Dynamic Bayesian Ontology Languages

Dynamic Bayesian Ontology Languages

İsmail İlkan Ceylan
Theoretical Computer Science
TU Dresden, Germany
ceylan@tcs.inf.tu-dresden.de &Rafael Peñaloza
KRDB Research Centre
Free University of Bozen-Bolzano, Italy
rafael.penaloza@unibz.it
Abstract

Many formalisms combining ontology languages with uncertainty, usually in the form of probabilities, have been studied over the years. Most of these formalisms, however, assume that the probabilistic structure of the knowledge remains static over time. We present a general approach for extending ontology languages to handle time-evolving uncertainty represented by a dynamic Bayesian network. We show how reasoning in the original language and dynamic Bayesian inferences can be exploited for effective reasoning in our framework.

Dynamic Bayesian Ontology Languages


İsmail İlkan Ceylan Theoretical Computer Science TU Dresden, Germany ceylan@tcs.inf.tu-dresden.de                        Rafael Peñaloza KRDB Research Centre Free University of Bozen-Bolzano, Italy rafael.penaloza@unibz.it

Copyright © 2019, Association for the Advancement of Artificial Intelligence (www.aaai.org). All rights reserved.

Introduction

Description Logics (DLs) (?) are a well-known family of knowledge representation formalisms that have been successfully employed for encoding the knowledge of many application domains. In DLs, knowledge is represented through a finite set of axioms, usually called an ontology or knowledge base. In essence, these axioms are atomic pieces of knowledge that provide explicit information of the domain. When mixed together in an ontology, these axioms may imply some additional knowledge that is not explicitly encoded. Reasoning is the act of making this implicit knowledge explicit through an entailment relation.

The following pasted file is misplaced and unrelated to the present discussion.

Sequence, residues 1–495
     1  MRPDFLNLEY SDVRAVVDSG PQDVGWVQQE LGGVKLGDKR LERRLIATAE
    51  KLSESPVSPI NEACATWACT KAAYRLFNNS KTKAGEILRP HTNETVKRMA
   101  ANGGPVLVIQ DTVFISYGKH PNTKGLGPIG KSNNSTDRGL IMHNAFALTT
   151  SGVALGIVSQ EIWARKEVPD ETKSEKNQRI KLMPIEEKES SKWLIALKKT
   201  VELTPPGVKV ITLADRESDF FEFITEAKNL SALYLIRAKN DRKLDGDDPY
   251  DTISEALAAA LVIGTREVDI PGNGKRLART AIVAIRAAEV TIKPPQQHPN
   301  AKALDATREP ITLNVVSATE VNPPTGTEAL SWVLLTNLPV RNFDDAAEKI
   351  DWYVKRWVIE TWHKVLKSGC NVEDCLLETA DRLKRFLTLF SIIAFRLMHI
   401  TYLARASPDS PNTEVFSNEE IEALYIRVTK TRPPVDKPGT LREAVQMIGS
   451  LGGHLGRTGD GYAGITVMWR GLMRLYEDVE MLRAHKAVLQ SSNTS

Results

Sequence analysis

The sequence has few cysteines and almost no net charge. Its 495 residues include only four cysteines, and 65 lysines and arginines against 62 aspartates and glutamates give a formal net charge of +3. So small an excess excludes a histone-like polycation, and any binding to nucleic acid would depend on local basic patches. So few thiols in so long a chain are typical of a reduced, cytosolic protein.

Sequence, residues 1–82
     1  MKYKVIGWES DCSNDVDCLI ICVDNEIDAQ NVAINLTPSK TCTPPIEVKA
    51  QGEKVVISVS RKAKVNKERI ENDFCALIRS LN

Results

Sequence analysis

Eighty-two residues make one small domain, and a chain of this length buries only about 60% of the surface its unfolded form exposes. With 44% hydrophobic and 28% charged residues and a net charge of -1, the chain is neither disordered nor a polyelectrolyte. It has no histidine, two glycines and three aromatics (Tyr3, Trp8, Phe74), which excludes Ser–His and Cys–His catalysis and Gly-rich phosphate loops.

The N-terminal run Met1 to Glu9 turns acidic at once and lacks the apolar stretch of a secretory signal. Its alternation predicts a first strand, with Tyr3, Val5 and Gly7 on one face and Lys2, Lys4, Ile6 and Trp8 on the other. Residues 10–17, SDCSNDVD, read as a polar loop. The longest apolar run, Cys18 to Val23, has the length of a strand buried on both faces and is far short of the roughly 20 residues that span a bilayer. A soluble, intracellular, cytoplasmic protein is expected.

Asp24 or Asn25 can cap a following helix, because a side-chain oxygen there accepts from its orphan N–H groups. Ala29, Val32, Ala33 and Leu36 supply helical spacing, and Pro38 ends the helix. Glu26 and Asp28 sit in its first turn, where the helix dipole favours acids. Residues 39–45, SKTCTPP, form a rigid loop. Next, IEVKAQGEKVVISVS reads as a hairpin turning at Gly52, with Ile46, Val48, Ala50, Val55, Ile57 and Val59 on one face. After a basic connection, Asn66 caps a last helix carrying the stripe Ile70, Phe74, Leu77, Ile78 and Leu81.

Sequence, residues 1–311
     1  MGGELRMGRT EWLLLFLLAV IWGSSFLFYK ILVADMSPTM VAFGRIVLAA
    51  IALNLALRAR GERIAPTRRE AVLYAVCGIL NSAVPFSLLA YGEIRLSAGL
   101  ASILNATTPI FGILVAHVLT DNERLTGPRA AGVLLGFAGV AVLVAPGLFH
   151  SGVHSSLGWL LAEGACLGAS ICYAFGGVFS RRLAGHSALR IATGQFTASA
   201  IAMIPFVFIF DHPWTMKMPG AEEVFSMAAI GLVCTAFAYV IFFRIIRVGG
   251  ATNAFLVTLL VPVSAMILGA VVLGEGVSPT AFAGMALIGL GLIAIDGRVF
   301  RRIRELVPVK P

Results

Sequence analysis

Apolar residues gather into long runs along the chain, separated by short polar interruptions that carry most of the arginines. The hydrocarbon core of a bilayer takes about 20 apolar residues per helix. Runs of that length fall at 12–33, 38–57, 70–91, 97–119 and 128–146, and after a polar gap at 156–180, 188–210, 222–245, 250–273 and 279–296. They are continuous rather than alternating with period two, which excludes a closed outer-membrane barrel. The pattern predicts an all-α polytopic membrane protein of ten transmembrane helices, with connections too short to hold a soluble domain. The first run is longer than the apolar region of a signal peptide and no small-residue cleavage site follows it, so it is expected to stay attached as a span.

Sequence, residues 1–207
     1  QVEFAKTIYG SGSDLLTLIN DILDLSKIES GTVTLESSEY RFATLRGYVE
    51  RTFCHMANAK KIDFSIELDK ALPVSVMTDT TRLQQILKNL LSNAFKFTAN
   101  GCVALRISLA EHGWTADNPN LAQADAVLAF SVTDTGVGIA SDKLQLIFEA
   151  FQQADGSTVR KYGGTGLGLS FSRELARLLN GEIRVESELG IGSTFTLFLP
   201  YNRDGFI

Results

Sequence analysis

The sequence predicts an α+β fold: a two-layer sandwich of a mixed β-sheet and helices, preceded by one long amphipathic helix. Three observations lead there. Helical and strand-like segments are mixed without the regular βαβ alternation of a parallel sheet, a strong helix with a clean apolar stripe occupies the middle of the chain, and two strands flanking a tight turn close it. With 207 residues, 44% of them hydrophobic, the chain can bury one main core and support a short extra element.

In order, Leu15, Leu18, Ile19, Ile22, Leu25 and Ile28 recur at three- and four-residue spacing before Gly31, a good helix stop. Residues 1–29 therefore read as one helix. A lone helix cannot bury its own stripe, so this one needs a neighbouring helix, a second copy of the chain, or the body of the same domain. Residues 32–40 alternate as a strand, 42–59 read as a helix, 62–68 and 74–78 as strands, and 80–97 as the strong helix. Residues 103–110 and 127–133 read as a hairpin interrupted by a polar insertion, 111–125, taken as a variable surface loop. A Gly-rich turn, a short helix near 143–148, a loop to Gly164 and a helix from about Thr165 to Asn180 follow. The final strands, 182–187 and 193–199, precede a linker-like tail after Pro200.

Some of the largest and best-maintained DL ontologies represent knowledge from the bio-medical domains. For instance, the NCBO Bioportal111http://bioportal.bioontology.org/ contains 420 ontologies of various sizes. In the bio-medical fields it is very common to have only uncertain knowledge. The certainty that an expert has on an atomic piece of knowledge may have arisen from a statistical test, or from possibly imprecise measurements, for example. It thus becomes relevant to extend DLs to represent and reason with uncertainty.

The need for probabilistic extensions of DLs has been observed for over two decades already. To cover it, many different formalisms have been introduced (????). The differences in these logics range from the underlying classical DL used, to the semantics, to the assumptions made on the probabilistic component. One of the main issues that these logics need to handle is the representation of joint probabilities, in particular when the different axioms are not required to be probabilistically independent. A recent approach solves this issue by dividing the ontology into contexts, which intuitively represent axioms that must appear together. The probabilistic knowledge is expressed through a Bayesian network that encodes the joint probability distribution of these contexts. Although originally developed as an extension of the DL  (?), the framework has been extended to arbitrary ontology languages with a monotone entailment relation (?).

One common feature of the probabilistic extensions of DLs existing in the literature is that they consider the probability distribution to be static. For many applications, this assumption does not hold: the probability of a person to have gray hair increases as time passes, as does the probability of a computer component to fail. To the best of our knowledge, there is so far no extension of DLs that can handle evolving probabilities effectively.

In this paper, we describe a general approach for extending ontology languages to handle evolving probabilities. By extension, our method covers all DLs, but is not limited to them. The main idea is to adapt the formalism from (?) to use dynamic Bayesian networks (DBNs) (?) as the underlying uncertainty structure to compactly encode evolving probability distributions.